We need paid parental leave

By Shana Saddler

While on maternity leave, I heard from a number of my colleagues with well wishes and congratulations: “I am so happy for you!” and “I am so proud of you.” However, the one that stood out most in the very forefront of my mind ended with the words, “I will see you in six weeks.”

SIX WEEKS! That is when it dawns on me – I only have six weeks with my new baby boy? But I am in pain. I had pregnancy complications. I was admitted to the hospital for the last three weeks of my pregnancy. I need time to bond with my child. Where will this extra bonding time come from?

Who can I trust with my newborn child, to watch over him, to protect him, to pick him up when he is crying, to feed him without delay, to hug him and hold him close to their bosom the way his mother does it when I return in less than two months?

I look out the window, nursing my newborn and thinking of all I must do to prepare my return to the classroom. I have given over 20 years to many students in different capacities. I’ve listened, counseled, mentored, and touched lives in ways that can’t be described, but for my own son I get six weeks.

Many less experienced teachers can cobble together even less paid leave from sick days, often choosing unpaid leaves and returning to work with a depleted sick bank. I think of mothers elsewhere. How do other countries support citizens during this delicate and precious phase of life?

The United Kingdom gives mothers 39 weeks, Greece 43 weeks. Our neighbor to the north, Canada–15 weeks. France gives mothers from six weeks before birth to 10 weeks after birth. In fact, the U.S. is the only high-income country in the world without such a policy.

Research shows paid parental leave benefits short- and long-term health of families and children, while improving employee satisfaction and retention. Yet we as a country operate like the Ford assembly line: a well-oiled machine with no breaks, no pauses; expediency is the top priority.

With no policy at the federal level, states have begun to make needed change happen. Last year, Minnesota joined 12 other states that have adopted paid family medical leave programs, which operate similar to unemployment or workers’ compensation insurance.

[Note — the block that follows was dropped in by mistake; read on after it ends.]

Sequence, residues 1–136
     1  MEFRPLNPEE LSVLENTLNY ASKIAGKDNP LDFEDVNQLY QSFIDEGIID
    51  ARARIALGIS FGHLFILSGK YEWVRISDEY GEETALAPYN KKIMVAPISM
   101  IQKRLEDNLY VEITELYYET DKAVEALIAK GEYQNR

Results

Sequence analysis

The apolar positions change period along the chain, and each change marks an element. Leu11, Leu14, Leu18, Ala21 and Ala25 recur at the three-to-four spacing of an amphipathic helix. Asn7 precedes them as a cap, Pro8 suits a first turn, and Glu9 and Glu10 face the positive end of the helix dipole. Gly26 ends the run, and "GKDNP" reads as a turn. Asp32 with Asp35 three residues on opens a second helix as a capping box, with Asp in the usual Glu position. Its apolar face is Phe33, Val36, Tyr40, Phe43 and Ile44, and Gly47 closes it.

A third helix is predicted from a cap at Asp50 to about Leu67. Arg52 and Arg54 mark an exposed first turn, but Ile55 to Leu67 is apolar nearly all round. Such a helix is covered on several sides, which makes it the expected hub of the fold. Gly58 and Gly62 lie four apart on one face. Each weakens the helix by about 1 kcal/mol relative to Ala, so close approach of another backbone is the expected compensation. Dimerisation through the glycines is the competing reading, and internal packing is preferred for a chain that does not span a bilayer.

Minnesota’s program will guarantee up to 12 weeks of leave for covered employees to care for a newborn or seriously ill family member and receive a portion of their weekly pay, starting in 2026, with contributions split equally between employer and employee.

Gov. Gretchen Whitmer has pushed for a similar program in Michigan. In 2020 she extended a 12-week family medical leave program for all state employees, and last year bills were introduced in the state House and Senate to create a 15-week program statewide.

However, the proposals have not passed here, despite polls that show a huge majority of Michiganders from across the political spectrum – 86% – support the idea, just as 80% of all Americans do.

As my precious baby boy now sleeps in my arms and I look at him ever so lovingly, I am reminded of the Why I pondered many years ago.

For me and for many other educators holiday and summer breaks tilted the scale in favor of a career in teaching, hands down. Why? I always knew I wanted to be a mom and teaching provided the perfect schedule, where I would be at home with my child or children.

That is when reality comes back into view. Six weeks–six weeks–six weeks. It is time for Michigan to revamp its policies.

Shana Saddler is a veteran Farmington Hills teacher. For comments or questions, reach her at shana.saddler@fpsk12.net.

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